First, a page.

Gadget Addiction

Only available on StudyMode
  • Download(s) : 1106
  • Published : March 20, 2013
Open Document
Text Preview
First it was 'texter's thumb'. Now gadget addicts are coming down with 'text neck'. Today, many patients are suffering neck pain from spending too much time hunched over phones and computers. The rise of smartphones and tablet computers has fuelled the problem. The extra capability for playing games and browsing the Internet on smartphones means they tend to be used for longer periods. And unlike laptops, tablet computers are often placed flat on the lap, meaning you crane your neck over to view the screen.

Knee and hip replacement surgeon Dr Kaushal Malhan says, "Technology has made life easier, but at the same time brought in newer problems. The easy accessibility to almost any information and quick communication through the use of smartphones and laptops has made them an invaluable resource. At the same time, their indiscriminate use has brought in new health problems."

It is common to find people using their laptops for hours at a stretch. Smartphones now work as mini computers and it is not unusual to find people busy with their phones which are much more than simply a means of communication. "People often complain of neck and back pain, and the cause for these can often be sourced to indiscriminate laptop use in an incorrect posture. These patients often have a good range of movements with pain mainly at the end of the day," adds Dr Malhan.

Orthopaedic surgeon Dr Ashish Arbat agrees. "Today, we are observing many young patients who are into gadgets with wry neck, which is caused by continuous craning of the neck for texting, etc." He advises that one should exercise one's neck daily and stretch the cervical and trapezial muscle, with a healthy habit of sleeping supine straight, with balanced diet to prevent wry neck.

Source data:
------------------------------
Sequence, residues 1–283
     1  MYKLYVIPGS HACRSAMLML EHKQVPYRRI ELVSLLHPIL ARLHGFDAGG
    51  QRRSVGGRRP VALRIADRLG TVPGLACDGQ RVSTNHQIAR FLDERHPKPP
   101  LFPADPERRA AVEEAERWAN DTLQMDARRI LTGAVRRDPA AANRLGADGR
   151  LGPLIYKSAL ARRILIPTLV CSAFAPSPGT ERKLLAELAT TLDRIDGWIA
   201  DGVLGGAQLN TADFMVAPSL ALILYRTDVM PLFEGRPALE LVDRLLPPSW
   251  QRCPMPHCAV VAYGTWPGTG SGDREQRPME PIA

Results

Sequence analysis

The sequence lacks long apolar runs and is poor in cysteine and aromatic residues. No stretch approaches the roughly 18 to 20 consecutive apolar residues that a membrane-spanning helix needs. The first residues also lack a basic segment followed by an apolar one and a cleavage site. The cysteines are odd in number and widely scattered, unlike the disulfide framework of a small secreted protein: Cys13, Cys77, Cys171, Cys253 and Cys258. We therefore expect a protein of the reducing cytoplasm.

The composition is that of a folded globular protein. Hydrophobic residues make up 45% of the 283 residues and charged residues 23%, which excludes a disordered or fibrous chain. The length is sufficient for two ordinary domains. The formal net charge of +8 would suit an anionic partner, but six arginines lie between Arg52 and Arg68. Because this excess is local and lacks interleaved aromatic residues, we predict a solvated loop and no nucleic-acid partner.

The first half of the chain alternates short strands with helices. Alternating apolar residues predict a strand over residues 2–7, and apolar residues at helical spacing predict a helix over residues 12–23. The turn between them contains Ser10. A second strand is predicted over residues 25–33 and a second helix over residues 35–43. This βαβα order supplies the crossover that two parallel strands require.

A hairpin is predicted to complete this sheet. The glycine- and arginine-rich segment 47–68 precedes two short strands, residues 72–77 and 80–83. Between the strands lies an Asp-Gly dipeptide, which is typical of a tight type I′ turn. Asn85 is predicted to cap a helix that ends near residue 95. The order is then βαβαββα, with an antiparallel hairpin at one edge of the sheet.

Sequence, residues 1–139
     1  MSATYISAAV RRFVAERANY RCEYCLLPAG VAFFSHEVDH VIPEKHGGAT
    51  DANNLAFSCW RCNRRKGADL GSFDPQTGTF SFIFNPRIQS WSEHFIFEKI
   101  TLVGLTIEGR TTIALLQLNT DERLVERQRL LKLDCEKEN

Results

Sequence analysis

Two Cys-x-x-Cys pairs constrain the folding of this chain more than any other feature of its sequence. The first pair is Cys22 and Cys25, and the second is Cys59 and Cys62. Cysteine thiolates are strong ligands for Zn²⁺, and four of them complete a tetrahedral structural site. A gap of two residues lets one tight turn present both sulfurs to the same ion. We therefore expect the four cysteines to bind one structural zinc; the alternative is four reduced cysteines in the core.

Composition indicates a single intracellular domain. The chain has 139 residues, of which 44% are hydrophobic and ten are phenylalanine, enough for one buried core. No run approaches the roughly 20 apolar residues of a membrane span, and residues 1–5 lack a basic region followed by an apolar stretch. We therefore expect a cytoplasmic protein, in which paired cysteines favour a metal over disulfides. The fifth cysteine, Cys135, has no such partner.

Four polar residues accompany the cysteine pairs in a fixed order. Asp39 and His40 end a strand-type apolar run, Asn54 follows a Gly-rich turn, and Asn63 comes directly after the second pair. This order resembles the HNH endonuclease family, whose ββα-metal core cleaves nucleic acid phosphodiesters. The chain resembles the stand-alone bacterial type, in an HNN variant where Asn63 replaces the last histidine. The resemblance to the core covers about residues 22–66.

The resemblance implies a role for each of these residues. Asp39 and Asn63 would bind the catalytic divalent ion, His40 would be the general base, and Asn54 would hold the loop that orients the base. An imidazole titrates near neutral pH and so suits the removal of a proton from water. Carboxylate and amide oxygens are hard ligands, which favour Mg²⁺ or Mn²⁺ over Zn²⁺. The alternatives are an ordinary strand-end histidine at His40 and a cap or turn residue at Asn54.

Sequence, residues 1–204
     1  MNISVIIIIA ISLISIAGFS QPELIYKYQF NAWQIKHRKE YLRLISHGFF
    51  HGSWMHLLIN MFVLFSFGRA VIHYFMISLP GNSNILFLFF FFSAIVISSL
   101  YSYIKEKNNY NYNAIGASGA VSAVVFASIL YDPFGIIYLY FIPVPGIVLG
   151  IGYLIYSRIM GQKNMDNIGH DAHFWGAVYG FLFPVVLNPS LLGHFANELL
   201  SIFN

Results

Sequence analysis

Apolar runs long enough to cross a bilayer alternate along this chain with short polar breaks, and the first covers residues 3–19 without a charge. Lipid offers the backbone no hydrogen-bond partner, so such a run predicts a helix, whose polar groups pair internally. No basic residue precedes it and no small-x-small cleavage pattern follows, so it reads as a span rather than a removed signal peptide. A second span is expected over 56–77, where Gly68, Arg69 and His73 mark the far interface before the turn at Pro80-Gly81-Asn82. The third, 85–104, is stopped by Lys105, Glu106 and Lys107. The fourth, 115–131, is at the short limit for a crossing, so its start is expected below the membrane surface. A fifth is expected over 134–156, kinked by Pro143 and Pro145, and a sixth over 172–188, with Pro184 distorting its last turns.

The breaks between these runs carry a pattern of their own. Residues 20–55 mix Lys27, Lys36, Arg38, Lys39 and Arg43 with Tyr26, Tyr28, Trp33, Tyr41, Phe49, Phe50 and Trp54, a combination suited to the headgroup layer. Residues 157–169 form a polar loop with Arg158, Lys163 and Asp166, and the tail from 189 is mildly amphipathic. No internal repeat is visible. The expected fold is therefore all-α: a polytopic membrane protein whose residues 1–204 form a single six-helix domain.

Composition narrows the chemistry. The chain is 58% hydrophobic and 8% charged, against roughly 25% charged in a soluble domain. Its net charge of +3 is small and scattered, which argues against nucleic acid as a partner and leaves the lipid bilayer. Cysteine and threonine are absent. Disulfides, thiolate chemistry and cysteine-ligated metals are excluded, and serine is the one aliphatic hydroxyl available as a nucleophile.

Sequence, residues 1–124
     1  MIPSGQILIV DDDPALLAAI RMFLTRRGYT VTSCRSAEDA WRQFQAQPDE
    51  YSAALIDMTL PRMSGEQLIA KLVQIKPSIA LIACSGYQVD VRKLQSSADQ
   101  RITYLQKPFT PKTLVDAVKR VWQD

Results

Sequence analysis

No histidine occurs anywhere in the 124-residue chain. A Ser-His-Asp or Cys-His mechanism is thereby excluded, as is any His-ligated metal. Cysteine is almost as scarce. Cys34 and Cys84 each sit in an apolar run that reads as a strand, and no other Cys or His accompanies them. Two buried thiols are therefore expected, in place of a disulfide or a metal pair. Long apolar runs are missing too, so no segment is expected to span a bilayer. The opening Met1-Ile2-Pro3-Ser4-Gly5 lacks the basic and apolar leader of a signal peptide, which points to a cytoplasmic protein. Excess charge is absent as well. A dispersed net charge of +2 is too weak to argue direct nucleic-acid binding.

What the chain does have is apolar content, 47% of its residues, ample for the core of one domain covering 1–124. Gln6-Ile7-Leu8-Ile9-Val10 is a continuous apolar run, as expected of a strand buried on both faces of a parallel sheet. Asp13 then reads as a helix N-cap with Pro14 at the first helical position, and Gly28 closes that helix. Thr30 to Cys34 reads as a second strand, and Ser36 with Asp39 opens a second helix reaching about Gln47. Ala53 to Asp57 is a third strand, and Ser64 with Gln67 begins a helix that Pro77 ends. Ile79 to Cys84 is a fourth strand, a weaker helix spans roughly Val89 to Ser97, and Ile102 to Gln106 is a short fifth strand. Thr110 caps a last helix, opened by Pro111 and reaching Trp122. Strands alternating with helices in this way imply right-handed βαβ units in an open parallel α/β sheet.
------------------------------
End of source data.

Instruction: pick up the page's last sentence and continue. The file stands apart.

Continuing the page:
How to avoid such problems
- Use a chair of correct height so that your legs comfortably reach the floor. - Table height and computer monitor height should be at your eye level so that you are not forced to adopt unphysiologic postures. - Elbows should be well supported on armrest or table in front of you. - Do not forget to blink your eyes intermittently to reduce eye fatigue. - Change your posture every now and then and regular breaks in between. - Stretch out all muscle groups whenever you have the

opportunity.
- Regular stretching exercises are a must for people who sit for long hours. In case of problems like neck pain, see a doctor to rule out other non-postural causes.Once that is ruled out, one can look at changing habits and lifestyle as advocated above.

A short course of anti-inflammatory medication and hot packs with gentle massage should help. — Dr Kaushal Malhan

http://articles.timesofindia.indiatimes.com/2012-08-03/fitness/33002266_1_neck-pain-text-neck-tablet-computers

Carl Alasko: How will gadget addiction affect us?

Carl Alasko On Relationships
Posted: 04/08/2012 12:06:07 AM PDT
Updated: 04/08/2012 12:06:07 AM PDT

Dear Dr. Alasko: Our two sons, ages 9 and 13, love technology. My husband is himself a computer geek so he thinks it's great. He says the more they know the better equipped they'll be for their future. But I worry about the human side of their lives. For instance, when they're together with their friends, all of them seem to be looking at their gadgets and doing very little talking. I worry that they won't be able to form healthy adult relationships and bond with their own children — except maybe through technology.

Dear Reader: You have a right to be worried. We don't yet know if there are permanent developmental problems when children have constant access to fast-moving technology. At this point the "experts" seem divided. About half are optimistic. They believe that electronically connected youth will have the advantage of being nimble analysts and fast decision makers. The others are pessimistic. They worry that hyper-connected young people are too distracted by constant input to have deep-thinking capabilities. And they're...
tracking img